resonance the resistive component becomes insignificant in comparison with the reactive part.
As will be seen such a parallel circuit with a high Q forms the basis of the radio frequency
generators used in drying operations. Since the Q is high there is relatively little energy dissipated
in this "tank" circuit when it is not coupled to any other circuit, rather, it acts as a reservoir of
energy. To extract energy from this "reservoir" a "load" or "applicator" circuit is connected to the
tank and effectively introduces resistance into the circuit which results in a smaller value of the
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loaded Q of the tank. Lt should be stressed that the actual energy dissipation occurs in the load
circuit physically separated from the tank: the circuit analysis in terms of an equivalent loaded
tank circuit is simply an analytical device for viewing the energy dissipation from the point of view
of the primary source (the voltage generator). It now remains to see bow the load and tank
circuits are coupled together to obtain the energy transfer.
For later use it is useful to introduce an expression relating the power dissipated into this loaded
tank to the reactance and voltage in the circuit.
Using the definition of Q gives,

where X = w0 L, or 1/w0C and Pg is the power output of the generator.

This expression can be used generally for tuned circuits. For a tank circuit w0 is fixed, V and Pg
are obtained from the valve parameters, leaving L or C to he determined. The loaded Q for the
tank is then determined. In the case of an applicator circuit, Q is related to the dielectric properties
of the wet load and C is governed by the size of the load. Consequently the expression for Q can
be used to estimate the voltage V appearing across the electrodes of the capacitor.

1.4.3 Inductively coupled circuits

The principle underlying the most common method of coupling energy into the load can be
discussed with reference to Figure 1.4. On the left is the tank circuit, a parallel resonant circuit,
while on the right is the load circuit which represents the wet material held between the plates of a
capacitor: the wet material is represented by a resistor RLOAD in series with a capacitor, the
circuit is completed by an inductor. In practice the connecting leads and the inductor have some
resistance RLOSS. The coupling between the two circuits is achieved, by the mutual coupling M
between the two inductances: the current flowing through the tank inductor generates a changing
magnetic field which in turn produces a voltage in the load circuit. The magnitude of this voltage is
related to the physical separation of one coil relative to the other - the mutual inductance M of the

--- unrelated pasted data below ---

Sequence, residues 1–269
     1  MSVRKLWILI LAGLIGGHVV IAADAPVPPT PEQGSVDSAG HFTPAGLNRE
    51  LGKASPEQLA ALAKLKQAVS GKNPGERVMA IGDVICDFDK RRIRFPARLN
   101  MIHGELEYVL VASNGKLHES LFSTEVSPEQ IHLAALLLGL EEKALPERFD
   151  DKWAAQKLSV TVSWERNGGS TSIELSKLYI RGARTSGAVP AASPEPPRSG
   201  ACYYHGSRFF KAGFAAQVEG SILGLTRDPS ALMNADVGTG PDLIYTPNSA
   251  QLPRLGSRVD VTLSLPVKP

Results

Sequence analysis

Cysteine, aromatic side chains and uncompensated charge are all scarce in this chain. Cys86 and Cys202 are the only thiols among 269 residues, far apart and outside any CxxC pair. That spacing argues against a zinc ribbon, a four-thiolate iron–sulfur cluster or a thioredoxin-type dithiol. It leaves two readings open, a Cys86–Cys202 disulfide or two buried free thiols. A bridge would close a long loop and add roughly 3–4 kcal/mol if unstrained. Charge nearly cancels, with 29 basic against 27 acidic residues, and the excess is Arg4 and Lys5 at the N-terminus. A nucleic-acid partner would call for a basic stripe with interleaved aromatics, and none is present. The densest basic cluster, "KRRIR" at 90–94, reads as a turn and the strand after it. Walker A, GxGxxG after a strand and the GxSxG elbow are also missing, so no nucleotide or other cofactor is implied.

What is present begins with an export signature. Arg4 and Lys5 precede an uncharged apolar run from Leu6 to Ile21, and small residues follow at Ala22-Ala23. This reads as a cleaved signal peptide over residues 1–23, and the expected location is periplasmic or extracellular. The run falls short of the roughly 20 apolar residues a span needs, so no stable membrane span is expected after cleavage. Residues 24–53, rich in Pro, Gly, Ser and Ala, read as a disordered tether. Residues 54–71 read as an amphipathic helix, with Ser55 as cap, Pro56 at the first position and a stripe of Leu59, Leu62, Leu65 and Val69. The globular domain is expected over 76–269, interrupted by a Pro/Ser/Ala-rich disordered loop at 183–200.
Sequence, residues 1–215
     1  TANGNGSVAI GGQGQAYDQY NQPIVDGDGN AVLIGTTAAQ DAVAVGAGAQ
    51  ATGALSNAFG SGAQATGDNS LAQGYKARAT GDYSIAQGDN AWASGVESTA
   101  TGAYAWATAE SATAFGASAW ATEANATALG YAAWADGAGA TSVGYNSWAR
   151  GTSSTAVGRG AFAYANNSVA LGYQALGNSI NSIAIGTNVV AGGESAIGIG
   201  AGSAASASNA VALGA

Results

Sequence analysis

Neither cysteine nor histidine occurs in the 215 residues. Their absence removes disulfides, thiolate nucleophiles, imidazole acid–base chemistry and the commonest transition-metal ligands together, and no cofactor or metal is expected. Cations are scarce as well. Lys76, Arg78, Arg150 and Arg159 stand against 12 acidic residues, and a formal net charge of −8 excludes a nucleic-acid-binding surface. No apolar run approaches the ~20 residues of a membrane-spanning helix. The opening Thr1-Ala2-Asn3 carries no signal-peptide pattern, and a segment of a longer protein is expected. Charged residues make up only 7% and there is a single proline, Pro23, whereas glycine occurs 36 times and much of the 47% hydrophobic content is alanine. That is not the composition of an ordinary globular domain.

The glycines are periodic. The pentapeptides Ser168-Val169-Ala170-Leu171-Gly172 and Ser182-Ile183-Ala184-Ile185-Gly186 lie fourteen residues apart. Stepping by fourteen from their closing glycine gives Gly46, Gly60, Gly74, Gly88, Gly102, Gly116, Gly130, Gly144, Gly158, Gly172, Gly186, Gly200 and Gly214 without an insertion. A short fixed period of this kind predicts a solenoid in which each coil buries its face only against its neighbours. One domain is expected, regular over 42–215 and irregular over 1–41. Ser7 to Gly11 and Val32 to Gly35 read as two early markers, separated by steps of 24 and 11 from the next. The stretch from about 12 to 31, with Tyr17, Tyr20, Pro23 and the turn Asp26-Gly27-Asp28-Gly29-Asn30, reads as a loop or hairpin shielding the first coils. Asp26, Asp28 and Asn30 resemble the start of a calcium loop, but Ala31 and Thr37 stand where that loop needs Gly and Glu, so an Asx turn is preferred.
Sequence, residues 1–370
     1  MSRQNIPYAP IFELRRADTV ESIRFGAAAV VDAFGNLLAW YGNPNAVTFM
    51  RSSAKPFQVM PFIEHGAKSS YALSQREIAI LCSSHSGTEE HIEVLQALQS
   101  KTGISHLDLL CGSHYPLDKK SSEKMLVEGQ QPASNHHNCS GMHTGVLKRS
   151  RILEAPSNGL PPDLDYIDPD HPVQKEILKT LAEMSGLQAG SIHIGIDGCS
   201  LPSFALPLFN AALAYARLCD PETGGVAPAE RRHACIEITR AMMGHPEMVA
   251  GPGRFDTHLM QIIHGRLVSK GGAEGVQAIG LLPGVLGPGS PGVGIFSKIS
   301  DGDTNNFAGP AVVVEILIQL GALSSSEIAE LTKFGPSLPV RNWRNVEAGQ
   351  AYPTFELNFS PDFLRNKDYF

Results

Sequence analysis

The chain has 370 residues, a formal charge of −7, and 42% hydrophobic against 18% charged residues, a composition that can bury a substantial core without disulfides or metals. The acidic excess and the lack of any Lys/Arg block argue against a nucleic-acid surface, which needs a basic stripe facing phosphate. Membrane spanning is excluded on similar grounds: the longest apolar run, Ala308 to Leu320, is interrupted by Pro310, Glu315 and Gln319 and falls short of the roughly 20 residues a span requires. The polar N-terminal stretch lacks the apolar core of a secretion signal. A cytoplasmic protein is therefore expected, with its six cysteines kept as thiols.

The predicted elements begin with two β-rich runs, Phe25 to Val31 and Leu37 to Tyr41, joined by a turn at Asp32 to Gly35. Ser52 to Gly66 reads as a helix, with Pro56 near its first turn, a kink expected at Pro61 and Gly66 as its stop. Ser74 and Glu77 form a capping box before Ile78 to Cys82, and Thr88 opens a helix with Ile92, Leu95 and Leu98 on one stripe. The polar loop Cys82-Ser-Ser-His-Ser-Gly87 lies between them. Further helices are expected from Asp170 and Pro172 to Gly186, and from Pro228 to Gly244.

coils. For large separations M is small and the interaction of the two circuits is small.

Figure 1.4 Two Resonant Circuits Coupled Together Inductively

The voltage created in the load circuit produces a varying current through the circuit and so there
is dissipation of energy in the load resistor. This current in turn creates a voltage back in the tank
circuit and consequently affects its oscillatory characteristics as compared to those in the
uncoupled state. The questions which now arise are: what is the resonance condition and what
determines the extent of the energy transfer to the load circuit?.
The voltage generated by the mutual inductance in each circuit is given by,

while the mutual inductance can be expressed in terms of the two inductances:
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where the coupling constant k is a function of the physical separation and can take the values k
Using Kirchoffs laws and the appropriate impedance operators the currents in each circuit can be
calculated. Following from this it can be shown that the effect of the load circuit on the tank circuit
for steady state sinusoidal oscillations is equivalent to adding an impedance operator in the
inductive arm given by,

where Xa = wLa(1 - (wa/w)2 ) and Ra = RLOSS + RLOAD.

The circuit can now be treated as a parallel resonant circuit by the methods of section 1.4.2.

1.4.4 Criteria for power transfer and frequency of operation

The conditions necessary for the efficient transfer of all the available power from the energy
source, here depicted as a constant voltage generator, at a specified frequency can be related to
the resonant frequencies of the tank and load circuits when uncoupled, the Q factors of the
individual circuits, the coupling constant for the mutual inductance and the dynamic impedance of
the tank circuit, with the load coupled, at the resonant frequency of the combination.
For operation at a frequency w0 say, a necessary but not sufficient condition is that the
reactances XA and XT are zero with the resonant frequencies of the uncoupled circuits equal to
w0. If the coupling factor k < kcrit = 1/Qa then the resonant frequency of the coupled circuit is w0.
If k > 1/Qa then two resonant points are possible at frequencies w ~ w0 (1 k).
For optimum power output the dynamic impedance of the tank must equal a value Rpopt. At this
point it must be said that the initial power source in actual high power generators does not
correspond to the low voltage generator depicted in the circuit, this is dealt with in the next
section. The value of Rpopt is derived from the valve parameters, for the moment assume this is
known. Given Rpopt and the frequency of operation w0 and a value of the tank inductance, a
value of the effective series resistance RT + RC or equivalently optimum loaded Q of the coupled
tank circuit can be calculated (as already noted the advantage of using Q's is that it is
independent of the particular circuit representation):

The optimum value Rsopt leads to an optimum value for the coupled resistance Rcopt which for